Transportation: Expand bike and pedestrian infrastructure. Create safe bicycle infrastructure. Connect the Metro system with bike infrastructure and bikeshare stations. Require secure bike parking within office and residential buildings. Incentivize the growth in the number of bicycle and pedestrian commuters. Create highly walkable pedestrian-only areas, and introduce new innovative forms of public space such as parklets and underpass parks. Read research and recommendations >

Waste: Set clear, ambitious targets and deadlines for achieving zero waste in the District and measure progress against targets. Ensure all building materials are reused in new buildings (if the materials are non-hazardous). Use Sustainable Sites Initiative™ (SITES®) guidelines for park maintenance and eliminate grounds waste generated from Washington, D.C., parks through composting. Read research and recommendations >

Built Environment: Invest in turning more brownfields into parks. Apply bio-remediation and other safe environmental remediation technologies during park development. Develop an Internet-accessible inventory of all brownfields in the city to enable easier remediation and redevelopment of derelict sites by local developers. Create a certification program for remediated brownfields to facilitate faster reuse. Invest in retrofitting older school buildings to make them LEED Platinum and also integrate green school redesign activities into school curricula. Ensure all schools apply Safe Routes to Schools design guidelines. Read research and recommendations >

Nature: Develop a biodiversity and environmental education action plan based on the concept of biophilia. Recreate wetlands along riverfront edges and reintroduce native wildlife. Reduce the mortality rate of trees and extend their lifespan by enabling them to grow in larger tree pits with structural soils and under permeable pavements. Use appropriate trees grown locally for urban forestry campaigns. Experiment with growing trees in park nurseries. Read research and recommendations >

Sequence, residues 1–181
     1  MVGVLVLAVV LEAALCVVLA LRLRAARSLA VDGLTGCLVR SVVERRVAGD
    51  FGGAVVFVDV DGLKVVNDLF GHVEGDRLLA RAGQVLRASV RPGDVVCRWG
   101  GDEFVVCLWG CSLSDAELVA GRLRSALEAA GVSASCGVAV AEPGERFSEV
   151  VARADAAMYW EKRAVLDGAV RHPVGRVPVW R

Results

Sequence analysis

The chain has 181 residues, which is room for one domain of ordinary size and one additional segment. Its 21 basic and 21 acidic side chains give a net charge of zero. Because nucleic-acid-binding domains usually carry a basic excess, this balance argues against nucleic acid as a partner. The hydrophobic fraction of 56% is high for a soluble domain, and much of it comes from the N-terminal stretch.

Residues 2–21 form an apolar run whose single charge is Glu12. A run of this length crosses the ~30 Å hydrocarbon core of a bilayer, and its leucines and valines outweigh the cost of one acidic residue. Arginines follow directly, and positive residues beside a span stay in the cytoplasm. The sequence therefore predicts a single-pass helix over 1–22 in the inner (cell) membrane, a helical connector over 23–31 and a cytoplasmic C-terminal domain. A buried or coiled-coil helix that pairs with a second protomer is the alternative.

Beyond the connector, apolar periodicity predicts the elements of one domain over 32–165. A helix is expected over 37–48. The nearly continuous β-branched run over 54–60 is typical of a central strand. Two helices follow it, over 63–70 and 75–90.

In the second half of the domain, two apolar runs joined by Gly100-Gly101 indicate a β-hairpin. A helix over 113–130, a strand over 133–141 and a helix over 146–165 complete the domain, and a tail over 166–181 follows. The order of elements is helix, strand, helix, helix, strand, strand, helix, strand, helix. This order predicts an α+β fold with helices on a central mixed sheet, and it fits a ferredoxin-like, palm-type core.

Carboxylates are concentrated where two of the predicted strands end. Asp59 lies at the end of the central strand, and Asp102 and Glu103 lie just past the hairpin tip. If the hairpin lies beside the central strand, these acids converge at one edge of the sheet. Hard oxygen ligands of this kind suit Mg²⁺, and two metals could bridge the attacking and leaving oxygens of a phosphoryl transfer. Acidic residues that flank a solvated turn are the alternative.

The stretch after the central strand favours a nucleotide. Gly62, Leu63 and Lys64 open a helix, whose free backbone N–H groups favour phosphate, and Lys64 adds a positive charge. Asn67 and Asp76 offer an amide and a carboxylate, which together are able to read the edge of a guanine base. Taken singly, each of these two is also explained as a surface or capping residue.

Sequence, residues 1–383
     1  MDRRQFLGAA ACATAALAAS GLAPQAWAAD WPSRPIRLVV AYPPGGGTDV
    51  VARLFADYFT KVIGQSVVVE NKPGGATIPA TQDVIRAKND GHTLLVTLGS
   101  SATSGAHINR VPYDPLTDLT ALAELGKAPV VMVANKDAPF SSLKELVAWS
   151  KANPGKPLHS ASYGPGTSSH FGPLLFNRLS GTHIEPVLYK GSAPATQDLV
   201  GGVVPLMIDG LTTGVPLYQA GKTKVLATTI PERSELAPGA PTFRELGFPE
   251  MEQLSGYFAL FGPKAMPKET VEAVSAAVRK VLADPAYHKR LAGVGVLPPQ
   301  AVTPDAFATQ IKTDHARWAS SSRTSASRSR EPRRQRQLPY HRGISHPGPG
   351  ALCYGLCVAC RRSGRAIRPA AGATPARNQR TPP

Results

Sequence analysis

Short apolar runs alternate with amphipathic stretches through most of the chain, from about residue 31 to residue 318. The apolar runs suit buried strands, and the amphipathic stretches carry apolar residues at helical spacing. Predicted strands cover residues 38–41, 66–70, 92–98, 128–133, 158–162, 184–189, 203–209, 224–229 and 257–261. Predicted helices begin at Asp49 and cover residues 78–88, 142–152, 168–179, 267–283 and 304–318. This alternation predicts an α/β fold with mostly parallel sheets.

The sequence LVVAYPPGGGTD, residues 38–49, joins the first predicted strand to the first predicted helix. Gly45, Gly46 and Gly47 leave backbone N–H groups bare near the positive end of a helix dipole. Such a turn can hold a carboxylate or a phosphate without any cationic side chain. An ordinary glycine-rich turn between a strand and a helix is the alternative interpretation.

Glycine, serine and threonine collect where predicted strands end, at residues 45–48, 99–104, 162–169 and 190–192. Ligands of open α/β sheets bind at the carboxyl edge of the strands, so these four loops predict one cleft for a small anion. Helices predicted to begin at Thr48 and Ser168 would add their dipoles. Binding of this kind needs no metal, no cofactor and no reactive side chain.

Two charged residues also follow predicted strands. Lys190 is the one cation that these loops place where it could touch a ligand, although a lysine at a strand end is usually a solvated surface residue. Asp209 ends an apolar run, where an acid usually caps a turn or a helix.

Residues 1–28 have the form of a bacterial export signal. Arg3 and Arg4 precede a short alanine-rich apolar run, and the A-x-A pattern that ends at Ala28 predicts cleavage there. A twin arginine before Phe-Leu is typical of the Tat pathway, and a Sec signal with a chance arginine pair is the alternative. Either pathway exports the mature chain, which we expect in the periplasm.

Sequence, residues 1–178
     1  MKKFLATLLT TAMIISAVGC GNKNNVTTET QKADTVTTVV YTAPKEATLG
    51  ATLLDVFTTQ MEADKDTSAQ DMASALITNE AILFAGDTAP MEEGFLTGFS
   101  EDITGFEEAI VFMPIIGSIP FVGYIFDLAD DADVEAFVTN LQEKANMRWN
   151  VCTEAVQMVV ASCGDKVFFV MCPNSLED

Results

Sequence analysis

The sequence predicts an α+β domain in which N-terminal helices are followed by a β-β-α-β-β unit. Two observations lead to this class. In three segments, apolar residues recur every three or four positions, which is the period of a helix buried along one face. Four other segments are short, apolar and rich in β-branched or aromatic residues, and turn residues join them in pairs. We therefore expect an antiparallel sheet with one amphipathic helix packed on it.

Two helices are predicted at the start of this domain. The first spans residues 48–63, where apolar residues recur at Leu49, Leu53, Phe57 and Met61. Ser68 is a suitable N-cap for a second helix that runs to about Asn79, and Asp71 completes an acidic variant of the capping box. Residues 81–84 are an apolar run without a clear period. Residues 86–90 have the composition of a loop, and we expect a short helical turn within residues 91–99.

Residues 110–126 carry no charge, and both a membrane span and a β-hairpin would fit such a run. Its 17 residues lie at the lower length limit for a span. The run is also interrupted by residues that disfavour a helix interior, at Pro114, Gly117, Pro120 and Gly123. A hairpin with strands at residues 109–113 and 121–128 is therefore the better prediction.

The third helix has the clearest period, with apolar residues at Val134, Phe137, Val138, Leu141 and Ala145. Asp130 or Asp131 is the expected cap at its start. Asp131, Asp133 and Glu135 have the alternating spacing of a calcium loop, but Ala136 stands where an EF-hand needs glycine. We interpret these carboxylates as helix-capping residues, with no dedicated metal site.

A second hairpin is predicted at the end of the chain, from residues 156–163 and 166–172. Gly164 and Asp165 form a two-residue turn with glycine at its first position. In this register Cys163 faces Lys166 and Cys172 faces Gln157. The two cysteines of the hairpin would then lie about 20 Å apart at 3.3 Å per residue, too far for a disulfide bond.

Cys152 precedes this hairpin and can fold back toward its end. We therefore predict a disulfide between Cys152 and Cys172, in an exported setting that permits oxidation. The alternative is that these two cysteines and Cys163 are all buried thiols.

Food: Develop a comprehensive urban agriculture plan. Evaluate all available empty lots (including brownfield sites) as potential opportunities for commercial and community urban agriculture. Develop new codes enabling local food production. As a priority, target food desert communities with high numbers of brownfields. Allow local residential food production. Develop new soil testing and clean-up requirements for growing food in former brownfield sites. Allow and also increase tax incentives for rooftop food production. Read research and recommendations >

Green Economy: Invest in bicycle and pedestrian infrastructure improvement projects to boost job growth. Use green infrastructure systems, including green roofs, to increase number of local, non-exportable green jobs. Launch a comprehensive green jobs program, training chronically unemployed and former convicts in brownfield remediation, green roof installation, and other tasks. Launch a national campaign in an effort to lure the best green talent to the District. Read research and recommendations >

Governance: Organize watershed councils at the local level and appoint ward-level sustainability advocates to help implement and align SustainableDC initiatives. Use Sustainable Sites Initiative (SITES) guidelines as a management tool for achieving high-performing landscapes across the district. Read research and recommendations >

Go to the report Web site and explore the recommendations in detail, or download the PDF version of the report.

Also, be sure to add your comments below on how D.C. can become greenest.

Image credit: ASLA 2011 Professional Design Honor Award. Monumental Core Framework Plan, Washington, D.C. AECOM, the National Capital Planning Commission, and the U. S. Commission of Fine Arts, Washington, D.C.